Yay! Summer is the perfect time for the quintessential melon eating experience- sitting on the back steps eating a chunk of melon, spitting out the seeds and getting very covered in the juice!
Availability & Growing Info
We love local here at Good Harvest, so really promote the local growing season from November/December through to about February. You'll see it available at other times of year although it's often coming from south and not as sweet or juicy, so we recommend eating it during peak season.
Theres a few varieties of watermelon including Charleston Gray, Crimson Sweet, Golden Honey & Midget, and SugarBaby.
So what about seedless melons? These are a hybrid variety, engineered to produce little to no seeds. We believe that the seeds are part of the experience and the flavour just isn't as nice without them.
Want to know the science behind the seedless?
Watermelon breeders discovered that crossing a diploid plant (bearing the standard two sets of chromosomes) with a tetraploid plant (having four sets of chromosomes) results in a fruit that produces a triploid seed. (Yes, it has three sets of chromosomes.) This triploid seed is the seed that produces seedless watermelons! (Source).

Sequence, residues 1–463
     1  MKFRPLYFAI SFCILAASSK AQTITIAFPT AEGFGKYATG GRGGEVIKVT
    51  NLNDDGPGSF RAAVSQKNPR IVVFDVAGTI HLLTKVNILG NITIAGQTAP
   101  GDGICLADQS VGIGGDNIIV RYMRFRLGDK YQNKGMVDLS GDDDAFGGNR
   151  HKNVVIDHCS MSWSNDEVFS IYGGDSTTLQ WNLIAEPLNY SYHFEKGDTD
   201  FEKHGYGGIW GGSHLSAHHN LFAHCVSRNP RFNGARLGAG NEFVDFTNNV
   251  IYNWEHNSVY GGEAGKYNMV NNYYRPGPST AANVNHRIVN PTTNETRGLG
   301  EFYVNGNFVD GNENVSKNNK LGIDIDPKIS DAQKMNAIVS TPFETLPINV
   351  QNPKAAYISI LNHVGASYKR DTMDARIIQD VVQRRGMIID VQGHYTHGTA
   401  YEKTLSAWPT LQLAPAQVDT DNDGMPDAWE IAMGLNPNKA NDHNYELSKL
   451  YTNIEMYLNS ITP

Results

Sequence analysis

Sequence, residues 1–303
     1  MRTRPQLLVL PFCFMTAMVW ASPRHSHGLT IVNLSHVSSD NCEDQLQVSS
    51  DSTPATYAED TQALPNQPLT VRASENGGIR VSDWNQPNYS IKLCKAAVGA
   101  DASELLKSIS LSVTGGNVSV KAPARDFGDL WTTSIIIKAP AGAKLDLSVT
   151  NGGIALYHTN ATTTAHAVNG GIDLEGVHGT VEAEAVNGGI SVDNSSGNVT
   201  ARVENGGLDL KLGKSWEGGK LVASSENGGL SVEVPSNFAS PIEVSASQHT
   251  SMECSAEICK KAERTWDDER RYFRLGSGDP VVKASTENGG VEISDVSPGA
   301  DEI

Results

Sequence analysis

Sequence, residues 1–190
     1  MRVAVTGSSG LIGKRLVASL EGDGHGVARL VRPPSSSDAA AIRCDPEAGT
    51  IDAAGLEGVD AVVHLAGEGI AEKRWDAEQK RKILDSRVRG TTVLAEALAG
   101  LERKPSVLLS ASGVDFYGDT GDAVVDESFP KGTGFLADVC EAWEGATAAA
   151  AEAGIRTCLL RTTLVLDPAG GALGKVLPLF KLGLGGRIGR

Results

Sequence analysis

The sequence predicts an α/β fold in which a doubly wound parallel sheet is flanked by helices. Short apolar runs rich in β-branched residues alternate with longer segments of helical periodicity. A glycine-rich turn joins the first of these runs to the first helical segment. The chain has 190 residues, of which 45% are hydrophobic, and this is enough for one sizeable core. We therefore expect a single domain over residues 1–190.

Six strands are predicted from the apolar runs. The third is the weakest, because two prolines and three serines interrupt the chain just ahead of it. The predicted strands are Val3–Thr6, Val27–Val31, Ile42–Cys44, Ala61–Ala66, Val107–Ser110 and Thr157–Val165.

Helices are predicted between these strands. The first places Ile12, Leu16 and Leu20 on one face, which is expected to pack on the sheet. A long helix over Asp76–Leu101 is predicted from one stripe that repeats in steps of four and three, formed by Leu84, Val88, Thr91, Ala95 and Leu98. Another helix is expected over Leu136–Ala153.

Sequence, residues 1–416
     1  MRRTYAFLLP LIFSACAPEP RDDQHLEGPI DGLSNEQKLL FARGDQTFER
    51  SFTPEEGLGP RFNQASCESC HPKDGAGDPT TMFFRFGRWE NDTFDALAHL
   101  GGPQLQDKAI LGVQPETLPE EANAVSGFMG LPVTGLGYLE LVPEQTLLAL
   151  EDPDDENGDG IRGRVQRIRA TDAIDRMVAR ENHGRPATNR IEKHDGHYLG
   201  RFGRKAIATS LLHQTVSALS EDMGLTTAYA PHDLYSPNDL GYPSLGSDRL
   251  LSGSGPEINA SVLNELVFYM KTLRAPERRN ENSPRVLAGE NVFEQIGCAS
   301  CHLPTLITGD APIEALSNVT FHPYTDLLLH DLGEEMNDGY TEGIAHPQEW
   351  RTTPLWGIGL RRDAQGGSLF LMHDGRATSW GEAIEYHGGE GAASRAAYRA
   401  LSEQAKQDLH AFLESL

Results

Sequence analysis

Want to impress the kids with some of your own backyard melon growing? It's actually pretty easy to grow!
Check out our cool time lapse of our melon patch at our farm to see how they literally take shape.
First you'll want to source good quality seeds well ahead of summer. We recommend Green Harvest for all your seed supplies because they're local and know their stuff!
Follow their advice on how best to prepare for the melons, remembering they need lots of space to spread out and get big! You'll also want a consistent water supply to help the fruit set.
Check out Mick's tips in the video above!
Grown some melon? Share your pics with us on social - we love hearing your stories!
Nutritional Info & Storage Tips
It's no surprise that melons are about 90% water, so super hydrating - which makes them perfect for summer! They also have about one third your daily recommended intake of Vitamin A and C, and full of awesome antioxidants and amino acids.
We recommend storing whole melons out of the fridge, and only in the fridge when they are cut. Of course fresh is best so while melon may last up to a week in the fridge it won't be as good as if it is eaten sooner of course. You can also freeze it for slushies and sorbet, or juice it in the cold press juicer which we love!